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Spokane, Washington  Est. May 19, 1883

Gardening: Still time to plant and transplant before the ground freezes

Size matters when it comes to planting garlic cloves. Large cloves will grow large heads for harvest next July. Use small ones for cooking.  (Pat Munts/For The Spokesman-Review)
By Pat Munts For The Spokesman-Review

Fall is settling in quickly as we roll into mid-October. As of this writing, there is no indication of frost and that means there is still time to transplant perennials, move shrubs and plant fall bulbs and garlic.

Now is the best time to transplant peonies. As the weather cools, they are going dormant and less likely to be damaged by moving. Insert a shovel about a foot out from the stem and gently work it around the rootball to loosen it. The root can be divided by cutting lobes that have several small pink growing buds near the stem. Replant the roots at the same level they were in their original spot. If the buds are buried too deep, the plant will not bloom.

It’s not too late to dig and divide perennials as the ground is still warm. Dig out the rootballs and divide them with a shovel or soil knife and replant them. Cover them with a few inches of mulch to prevent frost heaving over the winter.

Late October into early November is a good time to move evergreens and small conifers. Insert a shovel near the tree’s drip line and work your way around the tree loosening roots. Conifers generally have roots about a foot deep so it’s not difficult to work them loose. Replant the tree in a shallow, wide hole such that the root flare from the trunk is at the soil level. Back fill the hole with native soil and water to settle the soil around the roots. If the tree is in a windy spot, stake it on three sides through the winter.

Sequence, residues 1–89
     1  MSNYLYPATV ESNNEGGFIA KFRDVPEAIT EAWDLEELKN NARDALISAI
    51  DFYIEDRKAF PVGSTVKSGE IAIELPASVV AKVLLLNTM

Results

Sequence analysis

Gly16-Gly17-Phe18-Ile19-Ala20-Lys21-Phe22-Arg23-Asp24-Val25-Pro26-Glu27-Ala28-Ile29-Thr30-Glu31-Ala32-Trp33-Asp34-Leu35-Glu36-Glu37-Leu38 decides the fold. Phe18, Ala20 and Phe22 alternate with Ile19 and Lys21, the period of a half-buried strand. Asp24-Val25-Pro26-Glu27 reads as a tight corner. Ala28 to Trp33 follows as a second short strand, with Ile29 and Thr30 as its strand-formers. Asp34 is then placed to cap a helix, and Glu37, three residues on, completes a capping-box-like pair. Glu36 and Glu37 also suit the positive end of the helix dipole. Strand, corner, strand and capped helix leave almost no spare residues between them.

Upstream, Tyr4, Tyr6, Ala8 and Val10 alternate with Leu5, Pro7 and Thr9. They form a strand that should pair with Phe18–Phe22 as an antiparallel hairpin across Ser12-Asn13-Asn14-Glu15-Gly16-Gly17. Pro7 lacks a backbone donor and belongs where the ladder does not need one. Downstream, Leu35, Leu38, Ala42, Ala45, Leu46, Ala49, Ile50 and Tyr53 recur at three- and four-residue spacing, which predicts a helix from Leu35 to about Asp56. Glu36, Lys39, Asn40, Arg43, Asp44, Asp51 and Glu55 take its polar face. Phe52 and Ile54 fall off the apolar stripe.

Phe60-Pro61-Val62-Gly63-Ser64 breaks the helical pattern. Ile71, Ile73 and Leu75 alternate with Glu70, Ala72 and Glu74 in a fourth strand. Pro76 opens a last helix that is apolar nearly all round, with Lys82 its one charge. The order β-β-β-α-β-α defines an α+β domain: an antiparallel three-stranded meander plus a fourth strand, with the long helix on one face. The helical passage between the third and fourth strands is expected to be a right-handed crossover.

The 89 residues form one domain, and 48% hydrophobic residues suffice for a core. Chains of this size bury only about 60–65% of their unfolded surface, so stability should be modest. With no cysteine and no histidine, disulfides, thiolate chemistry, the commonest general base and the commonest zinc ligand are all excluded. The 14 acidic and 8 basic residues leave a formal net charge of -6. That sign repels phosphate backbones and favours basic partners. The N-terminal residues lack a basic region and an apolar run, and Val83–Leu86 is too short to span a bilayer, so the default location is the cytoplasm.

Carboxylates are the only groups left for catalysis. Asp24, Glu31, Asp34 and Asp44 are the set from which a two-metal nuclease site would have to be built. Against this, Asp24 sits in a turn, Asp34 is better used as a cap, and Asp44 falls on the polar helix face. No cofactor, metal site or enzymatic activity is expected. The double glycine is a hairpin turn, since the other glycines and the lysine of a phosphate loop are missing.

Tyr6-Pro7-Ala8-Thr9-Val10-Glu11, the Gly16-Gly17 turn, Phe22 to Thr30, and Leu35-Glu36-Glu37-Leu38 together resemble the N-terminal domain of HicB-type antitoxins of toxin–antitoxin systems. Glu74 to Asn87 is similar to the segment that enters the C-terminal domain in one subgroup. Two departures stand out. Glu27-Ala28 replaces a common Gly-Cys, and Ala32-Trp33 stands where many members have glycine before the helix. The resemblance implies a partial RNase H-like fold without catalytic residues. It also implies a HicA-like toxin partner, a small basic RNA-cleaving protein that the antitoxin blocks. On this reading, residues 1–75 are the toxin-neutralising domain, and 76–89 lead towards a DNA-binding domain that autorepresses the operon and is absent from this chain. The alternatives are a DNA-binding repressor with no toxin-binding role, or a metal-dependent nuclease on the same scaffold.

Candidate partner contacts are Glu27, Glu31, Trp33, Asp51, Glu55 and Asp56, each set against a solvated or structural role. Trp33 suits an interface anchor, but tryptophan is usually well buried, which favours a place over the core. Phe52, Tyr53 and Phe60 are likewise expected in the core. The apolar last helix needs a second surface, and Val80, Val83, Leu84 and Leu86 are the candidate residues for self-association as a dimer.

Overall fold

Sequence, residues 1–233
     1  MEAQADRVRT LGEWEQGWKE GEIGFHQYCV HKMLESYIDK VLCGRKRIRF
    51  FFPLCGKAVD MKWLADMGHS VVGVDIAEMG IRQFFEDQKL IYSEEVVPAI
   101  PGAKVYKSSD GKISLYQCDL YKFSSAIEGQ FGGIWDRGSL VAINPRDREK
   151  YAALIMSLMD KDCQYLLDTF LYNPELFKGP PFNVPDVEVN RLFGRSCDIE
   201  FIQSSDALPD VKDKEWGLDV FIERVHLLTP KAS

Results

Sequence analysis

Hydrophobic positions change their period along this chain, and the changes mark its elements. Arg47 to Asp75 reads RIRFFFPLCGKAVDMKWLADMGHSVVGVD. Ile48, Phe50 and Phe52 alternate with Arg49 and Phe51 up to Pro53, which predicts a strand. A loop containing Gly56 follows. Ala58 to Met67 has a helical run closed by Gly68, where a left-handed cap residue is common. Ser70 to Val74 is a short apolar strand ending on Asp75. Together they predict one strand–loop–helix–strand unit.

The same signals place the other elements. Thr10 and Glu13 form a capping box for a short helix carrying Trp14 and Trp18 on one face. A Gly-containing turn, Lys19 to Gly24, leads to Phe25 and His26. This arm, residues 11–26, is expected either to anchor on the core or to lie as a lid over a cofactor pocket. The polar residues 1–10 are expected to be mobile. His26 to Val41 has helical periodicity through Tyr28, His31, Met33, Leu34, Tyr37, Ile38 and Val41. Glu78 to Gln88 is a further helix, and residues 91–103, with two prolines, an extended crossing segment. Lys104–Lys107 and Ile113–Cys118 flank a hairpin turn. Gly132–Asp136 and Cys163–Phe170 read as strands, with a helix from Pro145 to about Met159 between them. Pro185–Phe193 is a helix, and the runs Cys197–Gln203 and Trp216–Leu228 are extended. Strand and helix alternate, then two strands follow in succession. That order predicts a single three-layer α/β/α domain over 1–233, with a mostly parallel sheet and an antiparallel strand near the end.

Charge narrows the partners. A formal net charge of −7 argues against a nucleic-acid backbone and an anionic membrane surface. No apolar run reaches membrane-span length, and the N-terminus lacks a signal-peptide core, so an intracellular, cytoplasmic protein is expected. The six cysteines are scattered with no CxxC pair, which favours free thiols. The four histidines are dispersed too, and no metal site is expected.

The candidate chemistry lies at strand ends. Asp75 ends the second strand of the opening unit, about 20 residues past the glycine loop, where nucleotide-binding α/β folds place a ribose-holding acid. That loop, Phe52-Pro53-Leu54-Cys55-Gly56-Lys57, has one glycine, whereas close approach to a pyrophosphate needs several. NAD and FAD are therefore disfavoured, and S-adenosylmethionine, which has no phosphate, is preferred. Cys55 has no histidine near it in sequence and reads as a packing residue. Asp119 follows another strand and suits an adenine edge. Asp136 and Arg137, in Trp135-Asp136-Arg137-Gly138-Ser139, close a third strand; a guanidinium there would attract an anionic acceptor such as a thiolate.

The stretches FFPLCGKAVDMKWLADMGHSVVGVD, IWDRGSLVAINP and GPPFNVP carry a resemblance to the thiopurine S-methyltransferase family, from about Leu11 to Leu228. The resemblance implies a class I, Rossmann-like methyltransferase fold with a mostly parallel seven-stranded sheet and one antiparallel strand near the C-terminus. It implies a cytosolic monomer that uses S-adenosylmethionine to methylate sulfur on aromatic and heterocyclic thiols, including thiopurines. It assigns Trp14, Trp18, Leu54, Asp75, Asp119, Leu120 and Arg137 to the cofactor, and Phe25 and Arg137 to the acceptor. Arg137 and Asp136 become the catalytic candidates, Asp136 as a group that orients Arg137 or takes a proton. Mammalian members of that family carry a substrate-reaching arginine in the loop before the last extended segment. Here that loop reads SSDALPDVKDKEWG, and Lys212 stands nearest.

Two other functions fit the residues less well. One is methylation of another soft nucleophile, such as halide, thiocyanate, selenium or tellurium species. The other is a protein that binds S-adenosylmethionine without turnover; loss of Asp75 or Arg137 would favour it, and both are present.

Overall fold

Spring bulbs like tulips, daffodils, crocuses and hyacinth can be planted up to the point the ground freezes and is too hard to dig. Follow the directions that came with your bulbs as some are planted deeper than others. Set stakes to mark where you planted them. It’s frustrating when you forget and dig into them in the spring.

If you want large garlic cloves, fall is the best time to plant them. Break up the heads just before you plant and use the largest cloves. The small ones go into the kitchen. Set the cloves 1 inch deep and 4 inches apart and cover with soil. Mulch the bed with 3 to 4 inches of pine needles, shredded leaves or fine wood chips to insulate the bed. The heads will be ready to harvest the following July.

Retirement congratulations

I want to say thank you to my friend and colleague Susan Mulvihill for sharing the pages of The Spokesman Review for all these years. She shared her adventures and misadventures with us in an easy, relatable style that spoke right to the reader. Behind the scenes, we shared column topics and who was going to write about what event. We wrote a book together and are still friends.

Thank you, Susan, you will be missed. Don’t worry folks, she is still doing videos and her newsletter.